All dimensions conceptualized in this chapter are to be understood as theoretical ideal types that are analytically distinguishable, while in reality the boundaries often blur. I do not claim to cover the complex phenomena in their entirety with these dimensions or to give universal definitions (which lies beyond this chapter’s scope).

  4. 4.

    From Glock and Stark’s (1968) classical five religious dimensions (ideological, ritualistic, intellectual, religious experience and consequences), I exclude the dimension of knowledge (because it does not necessarily indicate the depth of personal religiosity) and of ethical behaviors (because I analyze parts of them on the side of my dependent variable and investigate to what extent they are related to religiosity), and I add Boos-Nünning’s (1972) dimension of belonging (Pollack and Rosta 2017, p. 46 f.).

  5. 5.

    When applying the framework presented here in subsequent studies, I propose to calculate models separately for each cohesion subdimension in order to obtain differentiated results – and additionally for a cohesion index as an overview. In the following hypotheses, for reasons of space and readability, I no longer list the subdimensions individually, but the summarizing term ‘dimensions of social cohesion’ implies this differentiated proceeding.

  6. 6.

    In further studies, the religious context effects could be specifically theorized and examined in detail. They have gained little attention in cohesion research so far. This is, especially concerning state-religion-relations, due to a lack of adequate data, that has only recently been developed (Traunmüller 2012b). Previous results remain limited and ambivalent: For the European context, Pickel and Gladkich (2011) find positive correlations of secularization (aggregated service attendance) with social networks – and of Protestantism with social networks and social trust. Traunmüller (2012a) identifies a negative effect of secularization (aggregated importance of religion) on social networks – and a positive one of Protestantism on social trust. According to Schnabel and Grötsch (2012, 2014), a close state-religion relation and Protestantism increase societal trust. For Asian countries, Dragolov et al. (2018) state that religious diversity (Alesina et al. 2003) is positively related to the dimension of fairness perception (controlled for GDP) and to the cohesion index (under GDP control the effect turns insignificant).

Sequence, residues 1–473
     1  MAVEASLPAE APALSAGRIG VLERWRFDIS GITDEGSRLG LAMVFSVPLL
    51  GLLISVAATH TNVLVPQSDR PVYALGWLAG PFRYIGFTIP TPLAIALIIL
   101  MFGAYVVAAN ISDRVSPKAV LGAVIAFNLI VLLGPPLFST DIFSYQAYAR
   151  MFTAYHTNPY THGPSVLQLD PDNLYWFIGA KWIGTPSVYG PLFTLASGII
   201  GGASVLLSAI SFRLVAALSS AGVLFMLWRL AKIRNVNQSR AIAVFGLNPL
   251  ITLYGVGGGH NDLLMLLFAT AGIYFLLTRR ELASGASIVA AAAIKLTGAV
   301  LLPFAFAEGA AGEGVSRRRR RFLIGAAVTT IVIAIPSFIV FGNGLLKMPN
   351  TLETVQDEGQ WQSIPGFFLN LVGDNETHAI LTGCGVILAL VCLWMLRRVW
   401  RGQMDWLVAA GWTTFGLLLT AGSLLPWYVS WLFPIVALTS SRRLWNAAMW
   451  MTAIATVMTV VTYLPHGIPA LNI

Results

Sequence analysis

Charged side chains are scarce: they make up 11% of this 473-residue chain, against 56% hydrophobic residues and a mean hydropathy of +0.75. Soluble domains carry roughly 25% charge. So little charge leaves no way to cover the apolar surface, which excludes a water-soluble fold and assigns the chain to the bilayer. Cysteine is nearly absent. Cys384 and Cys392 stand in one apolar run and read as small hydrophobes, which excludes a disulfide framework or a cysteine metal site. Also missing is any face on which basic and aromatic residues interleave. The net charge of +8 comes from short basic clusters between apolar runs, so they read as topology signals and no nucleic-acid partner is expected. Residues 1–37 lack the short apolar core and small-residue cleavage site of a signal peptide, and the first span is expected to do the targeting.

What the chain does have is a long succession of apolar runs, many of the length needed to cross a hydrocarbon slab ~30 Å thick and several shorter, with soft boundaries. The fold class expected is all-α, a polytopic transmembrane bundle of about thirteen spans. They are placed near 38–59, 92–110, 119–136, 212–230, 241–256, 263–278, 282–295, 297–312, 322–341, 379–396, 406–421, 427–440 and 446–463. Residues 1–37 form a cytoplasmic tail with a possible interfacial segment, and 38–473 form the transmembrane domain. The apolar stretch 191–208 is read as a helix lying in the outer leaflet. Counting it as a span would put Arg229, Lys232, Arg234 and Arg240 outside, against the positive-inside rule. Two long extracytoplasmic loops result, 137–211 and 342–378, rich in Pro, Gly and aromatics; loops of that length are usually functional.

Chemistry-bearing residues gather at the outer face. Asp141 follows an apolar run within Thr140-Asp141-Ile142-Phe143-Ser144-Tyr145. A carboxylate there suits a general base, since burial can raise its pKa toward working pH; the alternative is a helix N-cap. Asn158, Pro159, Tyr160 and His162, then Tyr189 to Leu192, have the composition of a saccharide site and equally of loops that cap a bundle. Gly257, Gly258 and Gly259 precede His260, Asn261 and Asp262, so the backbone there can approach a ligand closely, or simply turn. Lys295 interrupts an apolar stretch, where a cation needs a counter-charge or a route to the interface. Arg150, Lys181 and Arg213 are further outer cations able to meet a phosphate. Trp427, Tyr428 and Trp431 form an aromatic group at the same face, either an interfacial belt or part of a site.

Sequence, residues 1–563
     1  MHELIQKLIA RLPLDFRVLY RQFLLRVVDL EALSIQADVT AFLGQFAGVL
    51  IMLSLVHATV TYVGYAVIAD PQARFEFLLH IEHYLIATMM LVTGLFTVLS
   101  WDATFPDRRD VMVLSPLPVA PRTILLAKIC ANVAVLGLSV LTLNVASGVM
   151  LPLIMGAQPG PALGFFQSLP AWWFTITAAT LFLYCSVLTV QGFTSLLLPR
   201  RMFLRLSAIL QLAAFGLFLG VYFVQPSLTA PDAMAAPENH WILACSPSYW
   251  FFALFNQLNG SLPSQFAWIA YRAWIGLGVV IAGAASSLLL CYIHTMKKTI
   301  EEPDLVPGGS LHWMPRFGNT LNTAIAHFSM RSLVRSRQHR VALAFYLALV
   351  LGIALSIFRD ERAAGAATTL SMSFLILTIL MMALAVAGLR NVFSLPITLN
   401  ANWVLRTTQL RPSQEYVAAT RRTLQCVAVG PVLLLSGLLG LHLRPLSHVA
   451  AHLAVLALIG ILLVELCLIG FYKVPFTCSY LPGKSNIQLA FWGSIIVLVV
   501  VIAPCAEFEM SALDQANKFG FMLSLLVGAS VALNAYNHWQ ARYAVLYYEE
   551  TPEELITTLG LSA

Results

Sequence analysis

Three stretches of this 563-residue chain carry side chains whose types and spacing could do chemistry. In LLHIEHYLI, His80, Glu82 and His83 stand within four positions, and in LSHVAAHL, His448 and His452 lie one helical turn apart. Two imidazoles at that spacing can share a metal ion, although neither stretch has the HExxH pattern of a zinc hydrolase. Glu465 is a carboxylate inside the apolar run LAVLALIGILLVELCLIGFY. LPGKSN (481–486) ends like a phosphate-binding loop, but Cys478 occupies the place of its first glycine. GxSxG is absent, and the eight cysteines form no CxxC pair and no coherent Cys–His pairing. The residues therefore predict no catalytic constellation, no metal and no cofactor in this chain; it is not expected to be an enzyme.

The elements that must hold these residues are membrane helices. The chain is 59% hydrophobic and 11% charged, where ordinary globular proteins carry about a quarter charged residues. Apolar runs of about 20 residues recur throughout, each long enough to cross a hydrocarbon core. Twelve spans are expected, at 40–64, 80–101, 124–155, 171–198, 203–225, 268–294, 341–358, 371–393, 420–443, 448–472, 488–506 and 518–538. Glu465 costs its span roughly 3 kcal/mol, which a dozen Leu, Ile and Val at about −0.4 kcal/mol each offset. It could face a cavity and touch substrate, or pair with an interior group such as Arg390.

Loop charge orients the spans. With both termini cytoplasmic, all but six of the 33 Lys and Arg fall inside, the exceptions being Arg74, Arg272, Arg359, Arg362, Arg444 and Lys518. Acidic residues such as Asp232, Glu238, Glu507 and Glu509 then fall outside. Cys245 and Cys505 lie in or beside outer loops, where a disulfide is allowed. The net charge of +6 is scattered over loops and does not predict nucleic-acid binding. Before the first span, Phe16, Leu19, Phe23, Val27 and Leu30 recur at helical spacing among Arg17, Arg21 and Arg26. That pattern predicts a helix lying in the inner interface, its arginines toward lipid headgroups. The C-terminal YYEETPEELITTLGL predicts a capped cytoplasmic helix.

7. 7.

    There is no fixed convention on a minimum number of cases. Hox (2010, p. 235) gives the 30/30 rule (30 individuals/30 groups) – with modifications depending on the research foci, for example 50/20 when there is a strong interest in cross-level interactions and 100/10 when there is a strong interest in the random part. In research practice, however, MLAs are carried out even with smaller numbers (of about 20 or 30, e.g., for certain EU/OECD countries) (Schnabel and Grötsch 2012, 2014; Traunmüller 2012a).

  8. 8.

    Since the fractionalization indices of Alesina et al. (2003) are limited (especially to the year of 2003), other measures should be explored in subsequent studies – for ethnic diversity see, for example, the Historical Index of Ethnic Fractionalization (Drazanova 2019) and for religious diversity see the discussions in Pollack et al. (2012).

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Hillenbrand, C. (2020). Religion, a Bridge or Barrier in Society?. In: Demmrich, S., Riegel, U. (eds) Religiosity in East and West. Veröffentlichungen der Sektion Religionssoziologie der Deutschen Gesellschaft für Soziologie. Springer VS, Wiesbaden. https://doi.org/10.1007/978-3-658-31035-6_2